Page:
Ark ETF crossholdings draw scrutiny over potentially fraught linkages

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Cathie Wood’s Ark space exploration ETF has become the biggest holder of another one of the investment manager’s funds, a move that has stirred concern among some analysts who worry about potentially fraught linkages.

Ark Investment Management’s Space Exploration and Innovation (ARKX) ETF has raised $583m since its March 30 launch in one of the fastest ETF take-offs on record. The big inflow of new investor money has also provided a windfall for its sister product, the 3D Printing ETF (PRNT).

ARKX owns around 6.3 per cent of PRNT, far more than the next 20 shareholders combined. At the same time, PRNT also represents the second-biggest holding in ARKX with a 6.1 per cent weighting, Bloomberg data show.

This type of cross-investing, which analysts say is unusual, marks one of the latest controversies surrounding Wood’s $50bn Ark investment firm, which has drawn massive inflows into its actively managed ETFs thanks to well-timed bets on hot stocks such as Tesla.

“[The ETFs] are propping one another up. It’s a little bit cheeky,” said Kenneth Lamont, senior fund analyst for passive strategies at Morningstar, referring to the ARKX holdings of PRNT.

“There is something a little bit strange in it, especially considering the liquidity issues around thematic funds. You are really adding another layer of complexity.”

Peter Sleep, senior portfolio manager at 7 Investment Management and a big ETF investor, said the cross-holding “makes everybody uncomfortable and I think it’s not right. The optics are not great.”

By raising demand for PRNT’s investee companies, the cross-holding will have played a part in the 5.7 per cent jump in PRNT’s share price since ARKX’s launch.

One concern is any potential contagion between the two ETFs in the event of significant outflows from either. If there is a meaningful selling of ARKX, the fund’s stake in PRNT would be ratcheted down pro rata, fuelling the selling of PRNT’s underlying holdings and pushing down their price. The losses for both funds could potentially spur further outflows.

Similarly, significant outflows from the $615m PRNT ETF would be likely to feed through to investors in ARKX.

These linkages are strengthened by other interconnections. ARKX’s largest position, for example, is an 8.7 per cent holding in Trimble, a Californian technology company, which is also, at 4.8 per cent, one of PRNT’s largest positions.

“If one of [the ETFs] has to sell out quickly, clearly that will have an impact. Their destinies are conjoined to some degree,” said Lamont.

Todd Rosenbluth, head of ETF and mutual fund research at CFRA Research, added: “Any time there is a large individual owner of an ETF, there’s a liquidity risk or a risk that money moves out faster.”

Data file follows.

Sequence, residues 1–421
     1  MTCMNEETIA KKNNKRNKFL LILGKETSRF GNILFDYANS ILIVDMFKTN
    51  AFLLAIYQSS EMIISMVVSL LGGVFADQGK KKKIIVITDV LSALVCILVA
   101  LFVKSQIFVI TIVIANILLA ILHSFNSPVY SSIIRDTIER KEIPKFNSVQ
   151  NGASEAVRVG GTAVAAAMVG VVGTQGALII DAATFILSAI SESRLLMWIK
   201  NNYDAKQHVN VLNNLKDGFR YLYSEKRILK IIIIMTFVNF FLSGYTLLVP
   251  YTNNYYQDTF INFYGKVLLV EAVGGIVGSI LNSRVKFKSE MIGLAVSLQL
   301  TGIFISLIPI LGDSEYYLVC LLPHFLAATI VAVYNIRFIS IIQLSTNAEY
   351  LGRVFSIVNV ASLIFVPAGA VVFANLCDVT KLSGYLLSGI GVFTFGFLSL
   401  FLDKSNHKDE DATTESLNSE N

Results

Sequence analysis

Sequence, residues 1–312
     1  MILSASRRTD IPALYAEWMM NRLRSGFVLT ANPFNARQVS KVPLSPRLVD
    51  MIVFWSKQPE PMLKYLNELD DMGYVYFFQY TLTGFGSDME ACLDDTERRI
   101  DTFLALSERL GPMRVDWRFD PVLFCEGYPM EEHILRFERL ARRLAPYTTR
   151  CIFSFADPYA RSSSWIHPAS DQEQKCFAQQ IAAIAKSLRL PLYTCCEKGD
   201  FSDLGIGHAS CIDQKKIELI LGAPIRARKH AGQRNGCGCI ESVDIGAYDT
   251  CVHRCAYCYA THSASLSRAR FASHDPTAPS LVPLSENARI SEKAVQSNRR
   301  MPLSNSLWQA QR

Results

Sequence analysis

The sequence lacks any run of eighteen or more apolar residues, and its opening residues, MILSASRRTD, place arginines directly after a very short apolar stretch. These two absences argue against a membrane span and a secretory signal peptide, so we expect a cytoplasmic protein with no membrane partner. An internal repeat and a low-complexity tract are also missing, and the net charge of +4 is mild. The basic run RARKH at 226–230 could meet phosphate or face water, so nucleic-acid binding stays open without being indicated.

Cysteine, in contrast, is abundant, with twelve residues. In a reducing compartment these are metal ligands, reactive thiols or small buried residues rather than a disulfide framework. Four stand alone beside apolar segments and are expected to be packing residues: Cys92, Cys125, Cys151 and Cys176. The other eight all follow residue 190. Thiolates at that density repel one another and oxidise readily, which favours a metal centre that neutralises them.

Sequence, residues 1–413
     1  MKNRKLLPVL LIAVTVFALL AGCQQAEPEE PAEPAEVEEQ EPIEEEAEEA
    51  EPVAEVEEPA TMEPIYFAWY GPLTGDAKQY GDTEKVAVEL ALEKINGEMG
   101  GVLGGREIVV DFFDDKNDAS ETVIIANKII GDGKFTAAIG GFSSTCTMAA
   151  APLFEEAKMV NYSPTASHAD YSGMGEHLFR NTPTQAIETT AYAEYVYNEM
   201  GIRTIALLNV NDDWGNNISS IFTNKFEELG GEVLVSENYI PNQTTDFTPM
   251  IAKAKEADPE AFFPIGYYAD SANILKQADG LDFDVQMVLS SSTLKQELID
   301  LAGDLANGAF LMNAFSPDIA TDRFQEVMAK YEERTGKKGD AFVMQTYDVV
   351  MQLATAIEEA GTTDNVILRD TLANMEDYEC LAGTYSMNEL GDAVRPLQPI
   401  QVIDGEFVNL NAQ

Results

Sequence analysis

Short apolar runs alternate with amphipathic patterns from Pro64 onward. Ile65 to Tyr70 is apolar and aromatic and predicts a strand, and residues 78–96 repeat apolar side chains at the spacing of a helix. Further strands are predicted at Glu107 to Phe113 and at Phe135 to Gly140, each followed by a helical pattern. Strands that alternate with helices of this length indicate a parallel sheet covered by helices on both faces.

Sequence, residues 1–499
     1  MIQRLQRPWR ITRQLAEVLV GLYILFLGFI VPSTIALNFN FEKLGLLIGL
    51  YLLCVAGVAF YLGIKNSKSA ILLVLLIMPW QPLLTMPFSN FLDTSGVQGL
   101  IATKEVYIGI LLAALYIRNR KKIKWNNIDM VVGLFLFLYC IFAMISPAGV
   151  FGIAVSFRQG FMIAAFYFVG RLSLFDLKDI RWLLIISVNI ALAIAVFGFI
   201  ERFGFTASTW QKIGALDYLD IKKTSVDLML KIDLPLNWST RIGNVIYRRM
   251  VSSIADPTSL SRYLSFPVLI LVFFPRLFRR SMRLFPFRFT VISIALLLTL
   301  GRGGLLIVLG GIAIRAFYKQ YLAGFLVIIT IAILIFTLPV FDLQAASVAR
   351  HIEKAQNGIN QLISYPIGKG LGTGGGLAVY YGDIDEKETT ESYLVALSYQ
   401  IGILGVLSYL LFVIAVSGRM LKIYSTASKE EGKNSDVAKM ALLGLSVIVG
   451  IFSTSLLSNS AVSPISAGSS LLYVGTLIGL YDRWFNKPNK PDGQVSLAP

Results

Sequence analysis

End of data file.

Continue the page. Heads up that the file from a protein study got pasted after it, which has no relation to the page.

Despite this, Sleep said contagion fears were “a stretch”, given that the underlying market “is deep enough”.

ARKX investors are not being double charged on the PRNT stake but Lamont said Ark should provide a clear explanation of the investment rationale behind the cross-holding.

“Is there some reason why you would invest in this [ETF] rather than someone else’s? You have to show that you are not favouring your own fund. It certainly muddies the water. It’s not a red flag, but a flag to call in for a pit stop to say: OK, what is happening here?”

Ark declined to comment.

A small number of ETFs have been structured as fund of funds that invest in other ETFs. For example, the sole holdings of the First Trust Dorsey Wright Focus 5 ETF (FV), for example, are stakes in five sector or industry-specific First Trust ETFs.

Rosenbluth said it was “rare” for an ETF to own a stake in another such vehicle but there was a history of newly launched ETFs doing so.

“It can be a challenge to be fully invested in all of the securities you intend to hold [immediately] because you are often dealing with a small asset base and buying odd lots,” said Rosenbluth, although he acknowledged this should be less of a problem for a fund of ARKX’s size.

“It’s conceivable that Wood sells the PRNT ETF and buys the underlying stocks once ARKX has matured a bit more and there us a more stable asset base,” he added.

Nate Geraci, president of The ETF Store, an advisory firm, agreed, saying “it looks like at this point they are utilising [the position] as a place holder for exposure to 3D printing. I would expect them to sell out of that position over time.”

Sleep was less charitable, though, saying that the PRNT stake “suggests to me that the Space ETF doesn’t have enough companies to invest in”.

“It’s a bit self-serving, as if space and 3D printing were analogous,” he said, adding that if Wood was happy for ARKX to invest in the latter, why not also ExxonMobil, as spaceships need rocket fuel, and aluminium companies, given their need for the metal?

Rosenbluth was more forgiving of the management team that has turned Ark into an investment phenomenon with $50bn under management in its ETFs, a more than tenfold rise since the start of last year.

“There is not a direct line between space exploration and Deere or Netflix [either],” he said, referring to the agricultural machinery manufacturer and streaming service that also feature in ARKX’s portfolio.

“Thematic investing is often in the eye of the beholder or manager. Wood and her team have used their creative licence to find companies that can benefit from this long-term trend.”

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